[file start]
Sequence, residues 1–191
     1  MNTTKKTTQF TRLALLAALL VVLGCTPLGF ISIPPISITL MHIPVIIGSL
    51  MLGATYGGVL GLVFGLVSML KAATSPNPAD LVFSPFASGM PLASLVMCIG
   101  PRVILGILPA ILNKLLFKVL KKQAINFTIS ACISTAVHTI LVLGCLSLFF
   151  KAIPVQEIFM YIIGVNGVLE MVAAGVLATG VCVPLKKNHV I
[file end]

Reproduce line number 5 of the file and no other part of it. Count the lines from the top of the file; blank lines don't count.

   151  KAIPVQEIFM YIIGVNGVLE MVAAGVLATG VCVPLKKNHV I